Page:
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Steve Cofield

NFLers like Leinart turning to MMA to save or enhance their careers

Steve Cofield
Cagewriter

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Matt Leinart, arguably one of the biggest stars in recent college football history, has flopped in the NFL. Many fans and media folks will tell you it's because the guy is soft. He wants to change that image and his conditioning. In the past, he's appeared to be the Phil Mickelson of the NFL. Not anymore, if he continues to do his caveman workouts at Arizona Combat Sports in Tempe, Arizona with NFL insider turned-MMA trainer Jay Glazer.

Glazer pulled no punches about Leinart saying that he thought the pretty boy from USC would show up for one day and then bail on the whole thing (VIDEO):

"His career is not going the way he wants, so he wanted to take some extreme measures. I told him day one, I have some pre-conceived notions about him like everyone else does," said Glazer. "He showed up the next day and the next day, now he can't shake it."

Leinart said it's a helluva workout:

"Man, the first couple times I went home and thought that was harder than I thought. I didn't want to make a fool myself, but you can real feel yourself getting better and feel yourself getting stronger mentally."

Leinart does the caveman workout for 90 minutes, three days a week. It's a grueling test that former UFC lightweight champ Sean Sherk has shown on YouTube:

"Having these football players, baseball players come in and train with us it's great for them," said The Ultimate Fighter 8 champion Ryan Bader, who makes his home at ACS. "A lot of it's your core. It's caveman training, basically hitting everything in your body."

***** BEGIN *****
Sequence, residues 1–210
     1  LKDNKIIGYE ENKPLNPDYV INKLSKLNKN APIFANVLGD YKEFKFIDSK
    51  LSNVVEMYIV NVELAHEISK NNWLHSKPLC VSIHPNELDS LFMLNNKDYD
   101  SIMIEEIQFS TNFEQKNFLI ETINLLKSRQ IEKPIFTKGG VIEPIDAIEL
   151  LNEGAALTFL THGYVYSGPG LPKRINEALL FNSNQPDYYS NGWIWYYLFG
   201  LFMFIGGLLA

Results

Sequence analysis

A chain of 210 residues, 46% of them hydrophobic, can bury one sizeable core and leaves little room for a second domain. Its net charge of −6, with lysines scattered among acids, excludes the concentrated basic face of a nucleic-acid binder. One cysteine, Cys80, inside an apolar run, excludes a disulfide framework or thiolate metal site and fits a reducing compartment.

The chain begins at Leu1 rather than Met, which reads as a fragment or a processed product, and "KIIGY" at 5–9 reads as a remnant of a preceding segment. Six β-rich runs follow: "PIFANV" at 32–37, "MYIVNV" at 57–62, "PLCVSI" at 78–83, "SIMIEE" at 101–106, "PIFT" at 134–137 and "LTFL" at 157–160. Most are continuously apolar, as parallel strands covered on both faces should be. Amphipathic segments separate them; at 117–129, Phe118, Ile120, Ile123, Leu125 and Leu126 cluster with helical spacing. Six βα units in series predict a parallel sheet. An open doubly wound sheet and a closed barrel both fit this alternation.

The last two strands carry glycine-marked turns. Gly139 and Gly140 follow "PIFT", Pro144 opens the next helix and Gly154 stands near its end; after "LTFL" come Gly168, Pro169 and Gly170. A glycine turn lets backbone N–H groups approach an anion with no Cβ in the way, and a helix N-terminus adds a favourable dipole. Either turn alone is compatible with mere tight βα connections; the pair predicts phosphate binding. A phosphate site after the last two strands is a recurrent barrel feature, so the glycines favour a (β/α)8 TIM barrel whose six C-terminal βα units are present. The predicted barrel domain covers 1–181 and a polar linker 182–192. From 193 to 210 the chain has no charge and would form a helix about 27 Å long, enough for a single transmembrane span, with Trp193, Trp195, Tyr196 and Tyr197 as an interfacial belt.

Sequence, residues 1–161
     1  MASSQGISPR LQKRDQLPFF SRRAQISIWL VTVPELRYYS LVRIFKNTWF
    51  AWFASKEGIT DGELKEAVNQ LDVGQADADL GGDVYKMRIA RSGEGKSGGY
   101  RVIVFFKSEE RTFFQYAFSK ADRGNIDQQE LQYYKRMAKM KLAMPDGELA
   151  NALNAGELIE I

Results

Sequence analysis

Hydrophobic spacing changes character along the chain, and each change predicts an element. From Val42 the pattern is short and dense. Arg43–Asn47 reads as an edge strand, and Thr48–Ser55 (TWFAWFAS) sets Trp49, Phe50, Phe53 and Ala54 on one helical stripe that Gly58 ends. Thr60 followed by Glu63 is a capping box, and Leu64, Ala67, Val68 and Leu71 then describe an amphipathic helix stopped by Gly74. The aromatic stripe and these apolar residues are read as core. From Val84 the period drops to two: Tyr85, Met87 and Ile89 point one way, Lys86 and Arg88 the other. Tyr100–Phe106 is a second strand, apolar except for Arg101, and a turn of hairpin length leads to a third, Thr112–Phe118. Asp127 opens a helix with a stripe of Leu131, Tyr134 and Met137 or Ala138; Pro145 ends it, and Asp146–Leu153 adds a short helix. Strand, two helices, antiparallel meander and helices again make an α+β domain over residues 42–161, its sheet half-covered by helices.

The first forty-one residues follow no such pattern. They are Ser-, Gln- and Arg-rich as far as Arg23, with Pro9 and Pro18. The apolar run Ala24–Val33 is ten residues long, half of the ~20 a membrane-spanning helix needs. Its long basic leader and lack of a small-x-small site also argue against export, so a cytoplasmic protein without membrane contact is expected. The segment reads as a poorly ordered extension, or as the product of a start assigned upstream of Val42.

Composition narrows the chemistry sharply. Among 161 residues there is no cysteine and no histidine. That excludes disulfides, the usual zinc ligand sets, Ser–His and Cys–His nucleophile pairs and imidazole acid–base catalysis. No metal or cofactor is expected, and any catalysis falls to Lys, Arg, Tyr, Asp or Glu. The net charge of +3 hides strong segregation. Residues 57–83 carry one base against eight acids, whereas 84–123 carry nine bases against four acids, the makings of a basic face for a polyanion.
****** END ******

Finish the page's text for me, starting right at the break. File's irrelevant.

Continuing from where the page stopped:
Leinart did look athletic in the video, throwing punches in combination with knees. He's seen doing the rope drill and working his knees using a thai clinch.

"The whole thing was about teaching him to push through. When he sees a barrier to push through it," said Glazer. "He knows now he can get through anything."

Leinart isn't the only NFL player turning to MMA, Brendon Ayanbadejo has worked with Rashad Evans according to ESPN the Magazine:

"It's amazing to see how explosive and strong Evans is," said Ayanbadejo, linbebacker for the Baltimore Ravens. "He dominated me like I was a little kid. He's a bulldozer."

The NFL athletes are huge and now that more are taking an interest in MMA as a workout regimen, you wonder if there will be a wave of mid-20's NFL flameouts who will try to transition to a career in fighting. MMAJunkie reported last week that four NFL players were part of the cast of The Ultimate Fighter 10.

Back to the Leinart-Glazer tandem. The idea of a working NFL media member training a professional football player has got to be a first. How many times do you hear high level athletes tell media guys, 'what do you know, you're not an athlete.' Ariel Helwani at AOL Fanhouse says the Leinart-Glazer relationship crosses the line.

Glazer, is a respected dude in the MMA community. He has fought professionally in MMA and was a high school wrestler. He recently crushed radio host Dan Patrick with a rear-choke.

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